In such cases, it must be remembered that an ability to negotiate with the authorities is a tool that can be of huge value in securing the best possible outcome. Examining the circumstances surrounding the allegations, explaining and emphasising any mitigating factors and taking a calm yet informed and persuasive approach will bring better results in any country than a confrontational attitude.
With the possible complexities that can accompany a cross-border business crime investigation, this can be an invaluable way of making the ordeal less painful for the client. It can often mean knowing when to accept what could be a more lenient penalty and using various approaches to ensure that, if there has to be a punishment, it is a fine rather than a criminal prosecution.
This is not a case of weakly accepting all the allegations and meekly taking any deal that may be offered. It is about viewing the case from all angles, analysing the strength of the authorities’ evidence in the countries where the allegations have been made and making the strongest counter-arguments in a way that makes it clear you welcome discussion and negotiation.
If we consider the Rolls-Royce case we mentioned earlier, the company paid a large amount to settle the allegations. Yet it was not prosecuted, as the Serious Fraud Office (SFO) thought the company was worthy of a DPA.
There was clear evidence of bribery in a number of countries, Rolls-Royce had not self-reported the illegal activity and yet it even received reductions on the fines imposed. But Rolls-Royce had helped investigators find the facts, removed many staff thought to be involved in the bribery and introduced strong preventative measures for the future.
As with Airbus, such measures could have been viewed as locking the barn door after the horse had bolted. But it was part of an approach adopted by Rolls-Royce to minimise the damage. A more confrontational approach over its wrongdoing in various countries could have been the surest way to ensure it faced a criminal prosecution.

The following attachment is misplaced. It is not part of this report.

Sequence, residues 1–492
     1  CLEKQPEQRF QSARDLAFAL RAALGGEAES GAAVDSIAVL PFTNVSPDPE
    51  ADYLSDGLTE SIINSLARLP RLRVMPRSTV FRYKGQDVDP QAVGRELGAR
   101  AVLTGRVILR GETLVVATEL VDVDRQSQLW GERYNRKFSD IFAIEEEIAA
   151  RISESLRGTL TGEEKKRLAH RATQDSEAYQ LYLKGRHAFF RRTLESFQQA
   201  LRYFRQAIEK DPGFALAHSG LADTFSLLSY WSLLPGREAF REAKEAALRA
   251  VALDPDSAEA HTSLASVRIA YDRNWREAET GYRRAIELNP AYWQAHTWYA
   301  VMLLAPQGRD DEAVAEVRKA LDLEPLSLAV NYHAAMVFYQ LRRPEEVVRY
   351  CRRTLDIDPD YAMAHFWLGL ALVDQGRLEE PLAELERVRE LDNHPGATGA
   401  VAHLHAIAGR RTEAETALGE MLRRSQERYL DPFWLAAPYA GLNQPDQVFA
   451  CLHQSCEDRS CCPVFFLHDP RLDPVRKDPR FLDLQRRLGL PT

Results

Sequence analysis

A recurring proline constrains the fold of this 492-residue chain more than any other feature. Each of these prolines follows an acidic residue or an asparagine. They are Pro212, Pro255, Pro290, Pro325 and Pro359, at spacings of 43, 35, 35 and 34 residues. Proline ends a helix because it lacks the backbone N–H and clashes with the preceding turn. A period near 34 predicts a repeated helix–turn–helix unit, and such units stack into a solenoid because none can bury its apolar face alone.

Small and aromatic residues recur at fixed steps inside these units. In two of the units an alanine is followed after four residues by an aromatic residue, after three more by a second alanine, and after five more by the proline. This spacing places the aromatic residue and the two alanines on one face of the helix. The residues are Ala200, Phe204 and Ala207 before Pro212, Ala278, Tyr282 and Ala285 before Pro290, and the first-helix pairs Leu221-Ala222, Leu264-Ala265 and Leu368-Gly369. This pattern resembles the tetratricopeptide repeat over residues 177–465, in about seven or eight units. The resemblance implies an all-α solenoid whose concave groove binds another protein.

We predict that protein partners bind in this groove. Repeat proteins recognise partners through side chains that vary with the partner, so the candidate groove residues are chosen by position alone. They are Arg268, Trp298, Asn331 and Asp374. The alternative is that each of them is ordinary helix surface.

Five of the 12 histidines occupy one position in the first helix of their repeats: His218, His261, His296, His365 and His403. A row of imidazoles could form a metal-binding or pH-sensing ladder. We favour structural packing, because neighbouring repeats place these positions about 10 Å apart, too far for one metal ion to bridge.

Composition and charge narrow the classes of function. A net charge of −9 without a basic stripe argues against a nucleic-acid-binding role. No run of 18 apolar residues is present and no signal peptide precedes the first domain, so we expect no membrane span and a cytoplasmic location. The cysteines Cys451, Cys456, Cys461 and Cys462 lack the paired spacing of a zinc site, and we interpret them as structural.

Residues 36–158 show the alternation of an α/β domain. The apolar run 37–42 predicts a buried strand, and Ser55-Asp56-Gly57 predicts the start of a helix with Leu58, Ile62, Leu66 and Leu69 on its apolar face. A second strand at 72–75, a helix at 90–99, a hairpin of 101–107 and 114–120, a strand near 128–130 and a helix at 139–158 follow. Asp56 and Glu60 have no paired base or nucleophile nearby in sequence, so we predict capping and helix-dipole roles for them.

As it was, it negotiated its way out of a situation that could have made it increasingly difficult to trade around the world, as a corporate with a criminal conviction is hardly a desirable business partner. The case showed that cooperation and negotiation can bring results in even the most serious circumstances, if managed correctly.
At no stage in the Rolls-Royce case was the company seeking to prove its innocence. But that will be the case for corporates who are adamant that they have not been involved in bribery at any time in any country.
If such companies are accused, they have as much need for the right international legal representation as the Rolls-Royces of this world. While the option to negotiate may not be an attractive one for companies who know they have not been involved in cross-border corruption, they will still require representation from solicitors who know “how things work’’ in the relevant countries.
And wherever a company trades and whatever its line of work, it has to take advice on the risks of bribery that apply to its business and introduce proper preventative measures to stop that risk becoming a reality. That is the most reliable way of ensuring it does not come under investigation in any country.